In 1966, George Harrison of the Beatles wrote a song that seemed, well, a little absurd to most of us.

It was called “Tax Man.”

The Beatles had recently been propelled into the nouveau riche stratosphere by their global success – still unprecedented to this day in pop music.

But they were evidently surprised at how much of their wealth was seized by government.

So they wrote an angry protest song unlike most of the protest songs of that era.

It wasn’t about war.

It wasn’t about civil rights.

It wasn’t about nuclear proliferation.

Don’t miss Whistleblowers’ “POWER PLAY: ‘Cap-and-trade’: How Obama is using a phony crisis to advance global governance, cripple industry, tax everyone (especially the poor) and gain unprecedented power”

Instead, it was about the mean old government confiscating people’s wealth.

Let me tell you how it will be;

There’s one for you, nineteen for me.
‘Cause I’m the taxman,
Yeah, I’m the taxman.

Should 5 per cent appear too small,
Be thankful I don’t take it all.
‘Cause I’m the taxman,
Yeah, I’m the taxman.

Today, more of us can relate – maybe, in fact, about 50 percent of Americans, those who pay taxes so that the other 50 percent don’t have to pay them.

However, that’s not the point of my story.

I recently heard this song, again, in a whole new light.

I heard something I never noticed before after listening to this song a thousand times.

If you drive a car, car, I’ll tax the street;
If you try to sit, sit, I’ll tax your seat;
If you get too cold, I’ll tax the heat;
If you take a walk, I’ll tax your feet.

Obviously, the Beatles were using hyperbole to make a point – illustrating absurdity by being absurd, as Rush Limbaugh would put it.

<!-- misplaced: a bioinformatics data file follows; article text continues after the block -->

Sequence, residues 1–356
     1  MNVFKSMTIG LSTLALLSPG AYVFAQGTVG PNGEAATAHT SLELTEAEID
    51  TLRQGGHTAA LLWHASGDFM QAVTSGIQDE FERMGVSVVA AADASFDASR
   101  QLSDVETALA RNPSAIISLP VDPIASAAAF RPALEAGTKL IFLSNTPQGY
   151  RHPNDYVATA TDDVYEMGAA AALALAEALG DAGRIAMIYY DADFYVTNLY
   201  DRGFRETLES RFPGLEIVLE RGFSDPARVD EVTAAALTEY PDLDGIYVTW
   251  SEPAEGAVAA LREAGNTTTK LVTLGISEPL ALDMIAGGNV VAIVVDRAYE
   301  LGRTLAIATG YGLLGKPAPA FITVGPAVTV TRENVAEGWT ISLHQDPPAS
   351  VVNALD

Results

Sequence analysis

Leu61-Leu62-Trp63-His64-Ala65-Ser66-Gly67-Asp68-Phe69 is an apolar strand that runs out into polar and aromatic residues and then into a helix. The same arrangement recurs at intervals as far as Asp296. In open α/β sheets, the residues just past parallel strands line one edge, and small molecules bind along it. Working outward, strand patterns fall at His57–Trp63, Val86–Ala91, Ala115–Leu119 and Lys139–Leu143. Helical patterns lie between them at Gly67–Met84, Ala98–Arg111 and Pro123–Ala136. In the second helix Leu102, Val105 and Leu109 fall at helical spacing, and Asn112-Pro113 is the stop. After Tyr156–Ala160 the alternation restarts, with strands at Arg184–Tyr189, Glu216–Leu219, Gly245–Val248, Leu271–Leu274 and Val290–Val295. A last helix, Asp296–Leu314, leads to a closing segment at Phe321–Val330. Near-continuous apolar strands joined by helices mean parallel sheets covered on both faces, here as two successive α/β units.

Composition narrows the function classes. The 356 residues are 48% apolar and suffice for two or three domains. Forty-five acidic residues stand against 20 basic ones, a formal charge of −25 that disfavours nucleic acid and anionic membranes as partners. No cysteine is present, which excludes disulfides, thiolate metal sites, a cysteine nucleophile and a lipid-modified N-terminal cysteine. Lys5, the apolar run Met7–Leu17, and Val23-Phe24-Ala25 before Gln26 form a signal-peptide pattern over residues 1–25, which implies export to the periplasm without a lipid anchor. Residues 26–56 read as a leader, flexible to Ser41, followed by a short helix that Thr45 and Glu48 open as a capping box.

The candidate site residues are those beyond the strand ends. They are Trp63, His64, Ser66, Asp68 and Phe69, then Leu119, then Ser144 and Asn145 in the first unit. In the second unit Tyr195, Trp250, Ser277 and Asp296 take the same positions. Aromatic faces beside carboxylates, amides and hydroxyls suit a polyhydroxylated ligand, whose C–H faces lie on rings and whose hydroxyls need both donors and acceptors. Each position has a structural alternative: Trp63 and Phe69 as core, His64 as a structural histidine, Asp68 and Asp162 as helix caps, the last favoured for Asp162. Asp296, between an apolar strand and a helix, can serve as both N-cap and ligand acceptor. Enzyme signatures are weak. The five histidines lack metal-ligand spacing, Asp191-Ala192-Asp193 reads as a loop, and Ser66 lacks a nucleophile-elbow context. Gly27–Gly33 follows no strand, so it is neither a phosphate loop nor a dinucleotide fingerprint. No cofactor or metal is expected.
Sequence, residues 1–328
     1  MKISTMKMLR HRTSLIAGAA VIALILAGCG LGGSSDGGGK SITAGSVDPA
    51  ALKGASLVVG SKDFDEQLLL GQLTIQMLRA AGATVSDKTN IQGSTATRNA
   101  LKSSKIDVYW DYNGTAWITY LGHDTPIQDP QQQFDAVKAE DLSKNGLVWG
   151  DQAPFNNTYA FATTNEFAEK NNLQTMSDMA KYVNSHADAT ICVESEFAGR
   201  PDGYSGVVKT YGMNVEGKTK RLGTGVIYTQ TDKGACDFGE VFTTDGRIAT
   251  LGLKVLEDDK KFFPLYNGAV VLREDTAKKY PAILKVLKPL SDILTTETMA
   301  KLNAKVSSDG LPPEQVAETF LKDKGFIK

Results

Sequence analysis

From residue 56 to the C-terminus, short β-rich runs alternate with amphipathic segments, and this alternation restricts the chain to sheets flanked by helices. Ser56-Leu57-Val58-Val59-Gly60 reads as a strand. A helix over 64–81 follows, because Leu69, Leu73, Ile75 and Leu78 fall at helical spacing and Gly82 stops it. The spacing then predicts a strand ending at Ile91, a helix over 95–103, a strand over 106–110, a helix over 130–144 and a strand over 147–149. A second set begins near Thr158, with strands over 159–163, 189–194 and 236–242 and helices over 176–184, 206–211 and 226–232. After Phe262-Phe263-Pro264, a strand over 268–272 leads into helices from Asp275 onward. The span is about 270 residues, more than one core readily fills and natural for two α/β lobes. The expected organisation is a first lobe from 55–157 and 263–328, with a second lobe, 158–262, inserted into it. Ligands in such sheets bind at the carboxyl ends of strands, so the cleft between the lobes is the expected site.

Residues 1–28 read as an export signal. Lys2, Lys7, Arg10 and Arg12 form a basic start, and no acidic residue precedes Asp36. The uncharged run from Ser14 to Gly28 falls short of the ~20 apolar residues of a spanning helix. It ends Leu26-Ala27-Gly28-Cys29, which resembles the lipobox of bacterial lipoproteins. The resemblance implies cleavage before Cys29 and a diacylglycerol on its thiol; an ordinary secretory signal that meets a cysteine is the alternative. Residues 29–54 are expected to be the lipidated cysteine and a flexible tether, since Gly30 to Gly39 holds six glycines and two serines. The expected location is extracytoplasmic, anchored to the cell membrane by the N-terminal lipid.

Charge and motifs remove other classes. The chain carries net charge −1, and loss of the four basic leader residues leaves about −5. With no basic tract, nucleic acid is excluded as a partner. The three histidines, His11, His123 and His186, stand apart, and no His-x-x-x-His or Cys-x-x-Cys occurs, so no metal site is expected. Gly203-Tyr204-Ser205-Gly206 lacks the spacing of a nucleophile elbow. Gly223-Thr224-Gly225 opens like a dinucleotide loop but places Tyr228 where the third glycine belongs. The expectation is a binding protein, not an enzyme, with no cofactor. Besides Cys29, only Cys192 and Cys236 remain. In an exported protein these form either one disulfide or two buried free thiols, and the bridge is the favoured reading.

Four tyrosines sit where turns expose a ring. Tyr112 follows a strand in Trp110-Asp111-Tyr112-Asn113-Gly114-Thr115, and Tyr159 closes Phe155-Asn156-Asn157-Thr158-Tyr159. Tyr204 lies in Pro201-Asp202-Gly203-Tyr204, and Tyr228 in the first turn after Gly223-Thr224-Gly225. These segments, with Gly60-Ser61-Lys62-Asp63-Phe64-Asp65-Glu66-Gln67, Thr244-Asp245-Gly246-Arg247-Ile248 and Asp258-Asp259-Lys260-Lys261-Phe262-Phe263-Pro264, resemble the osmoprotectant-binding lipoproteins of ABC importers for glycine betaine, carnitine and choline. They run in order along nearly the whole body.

Tax the street?

Well not so absurd, after all. In fact, government has always used tolls to tax streets. Today governments are literally selling off public roadways built with taxpayer dollars to private companies to maintain them with expanded use of tolls.

Tax your seat?

The county where I live has a property tax on office equipment used in the home. So, literally, government officials want to tax the seat I use to conduct business.

But check out the next line.

Who could have imagined in 1966 that government would actually figure out ways to “tax the heat”? How preposterous must that have sounded 44 years ago? Pretty preposterous, as I recall. In fact, that’s why I never before connected this lyric with what we’re actually experiencing today.

Isn’t that what the phony carbon tax schemes are all about?

My point?

Forty-four years ago, who could have imagined that George Harrison’s “Tax Man” nightmare would literally become a reality?

That’s all the global-warming/climate-change fraud is about – a scheme to tax the heat!

First, they whip up hysteria about a phony problem called “global warming.” After all, weather changes are as predictable as sunrises. The world will never run out of weather variations. And, thus, government will never run out of crises to exploit to bilk taxpayers.

It doesn’t matter whether it’s the United Kingdom, which is the government Harrison was squawking about in 1966, or the United States of America in 2010.

It’s the nature of government to bleed its citizenry dry in its unchecked quest for more and more power over the lives of individuals.

Who would have imagined in 1966 we’d actually be taxing the heat?

Who could have imagined it?

How long will it be before government figures out a way to tax our feet?

I had never previously thought of the late George Harrison and the Beatles as political prophets, but there you are.

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